According to Dr. Christiane Northrup in her book The Wisdom of Menopause, “breast cancer is definitely associated with a substance known as insulin-like growth factor (IGF-1). This substance affects the growth of breast cells in utero, during puberty, and during adult life. Abnormal IGF-1 activity is caused by insulin levels that are too high — a direct result of a diet too high in refined carbohydrates. High insulin levels trigger a metabolic cascade that results in cellular inflammation. And inflammation is a precursor for cancer.”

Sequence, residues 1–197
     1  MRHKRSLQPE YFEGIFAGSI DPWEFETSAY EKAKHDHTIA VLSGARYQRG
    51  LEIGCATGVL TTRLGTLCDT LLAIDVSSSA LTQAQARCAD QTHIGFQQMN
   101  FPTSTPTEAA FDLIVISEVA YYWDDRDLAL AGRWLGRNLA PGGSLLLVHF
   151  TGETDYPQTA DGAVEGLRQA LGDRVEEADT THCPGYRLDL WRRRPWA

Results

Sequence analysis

And she’s a doctor.
Refined carbohydrates are those that have been processed to death, stripping the bran and germ from the whole grain, rendering them useless as nutrition. So the ‘bad carbs’ you hear about — added sugar, refined white grains like white rice, many varieties of pasta, and gummy white bread — have no purpose as food. Even if you’re running a race and need quick energy, you’ll still be better off with whole foods that contain natural sugar.
But how much? The average adult eats or drinks about 20 teaspoons of added sugar every day, according to the USDA. They recommend we get no more than about nine teaspoons a day, which still seems like a lot.
For me, I’ll happily jettison my sugar to avoid that “metabolic cascade.”
How about you? Is it worth it to give up added sugar and bad carbs to potentially avoid cancer?